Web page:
Counter starting on digit "9"

Discussion in 'The Projects Forum' started by haxxx, Feb 14, 2009.

  1. haxxx

    Thread Starter Active Member

    Feb 14, 2009
    35
    0
    I'm new to electronics, i know only what i've read online.
    I built the attached circuit, with a few changes.
    http://www.hobbytron.com/electronic-lab-2.html
    (scroll to the bottom of linked page)
    I Changed the 555 to monostable, & added a push switch.
    When power is applied the counter
    boots up on the digit "9" instead of "0", which is undesirable.
    The state is set by the 4 outputs of the 4029.
    The 4029 can be reset by briefly setting the preset pin "1" high.
    how could i achieve this on power up.
    Also i've been studying the truth table for the 4511.
    Is there any danger in me using its inputs (eg.
    0 1 0 0 which drives the counter to the digit "4")
    to enter into a logic switching circuit. (NOR & AND Gates)
    And do any components need to be connected between them.

    Thanks
    Haxxx
     
  2. Ron H

    AAC Fanatic!

    Apr 14, 2005
    7,050
    657
    Before we address your question: The circuit you referenced is set up as a decade down counter. is that what you want?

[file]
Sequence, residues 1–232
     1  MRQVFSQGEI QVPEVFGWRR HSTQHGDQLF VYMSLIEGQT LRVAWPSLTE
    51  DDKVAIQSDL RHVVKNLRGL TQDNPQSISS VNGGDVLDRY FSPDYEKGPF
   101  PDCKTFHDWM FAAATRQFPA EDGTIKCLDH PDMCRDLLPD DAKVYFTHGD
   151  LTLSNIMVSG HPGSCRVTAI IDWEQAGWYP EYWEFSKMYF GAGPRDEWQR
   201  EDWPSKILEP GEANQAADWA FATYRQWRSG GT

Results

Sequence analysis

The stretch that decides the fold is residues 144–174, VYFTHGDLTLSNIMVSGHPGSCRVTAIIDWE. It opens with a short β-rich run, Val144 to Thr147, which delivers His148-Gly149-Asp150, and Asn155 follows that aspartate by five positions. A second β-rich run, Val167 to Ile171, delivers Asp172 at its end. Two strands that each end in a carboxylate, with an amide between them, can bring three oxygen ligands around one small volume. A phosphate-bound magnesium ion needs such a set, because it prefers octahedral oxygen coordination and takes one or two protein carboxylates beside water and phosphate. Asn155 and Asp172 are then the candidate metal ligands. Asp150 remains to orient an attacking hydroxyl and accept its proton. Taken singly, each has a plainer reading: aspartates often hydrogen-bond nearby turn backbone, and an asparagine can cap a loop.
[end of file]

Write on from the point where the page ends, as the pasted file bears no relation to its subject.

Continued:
EDIT: For power on preset, you can probably get away with a 1uF cap from vcc to pin 1 (Preset Enable), and 100k from pin 1 to GND. Add a 1N4148 diode across the resistor, cathode to pin 1.
     
    Last edited: Feb 15, 2009
  3. haxxx

    Thread Starter Active Member

    Feb 14, 2009
    35
    0
    Thanks Ron, I'll give it a try but could u please explain what actually happens in the state u outlined. yes i am using it as a decade counter.
    Thanx.
    Haxxx
     
  4. hgmjr

    Moderator

    Jan 28, 2005
    9,030
    214
    It sounds like you are getting a single false clock in the count-down mode at power up. You might be able to cheat and set up the power up jam value to 0001 instead of 0000. Then the false single down count would result in a count of zero at power up.

    hgmjr
     
  5. Ron H

    AAC Fanatic!

    Apr 14, 2005
    7,050
    657
    When power is off, pin one will of course be at zero volts, and the cap will have zero volts across it. When power is switched on, the voltage on the cap cannot change instantaneously, so pin 1 rises abruptly to vcc, enabling the parallel load. The cap charges through the 100k resistor, slowly returning pin 1 to zero volts. The parallel load is disabled whenever the voltage on pin 1 is below ≈vcc/2 (this takes about 69 milliseconds).
    The diode is there to discharge the cap rapidly when the supply is switched off. This makes the circuit ready for another ON cycle, and also protects pin 1 from reverse bias. Note that I edited my previous post. The diode needs to be in parallel with the resistor, not the cap.
     
  6. haxxx

    Thread Starter Active Member

    Feb 14, 2009
    35
    0
    Thanks a lot, i appreciate it.
     
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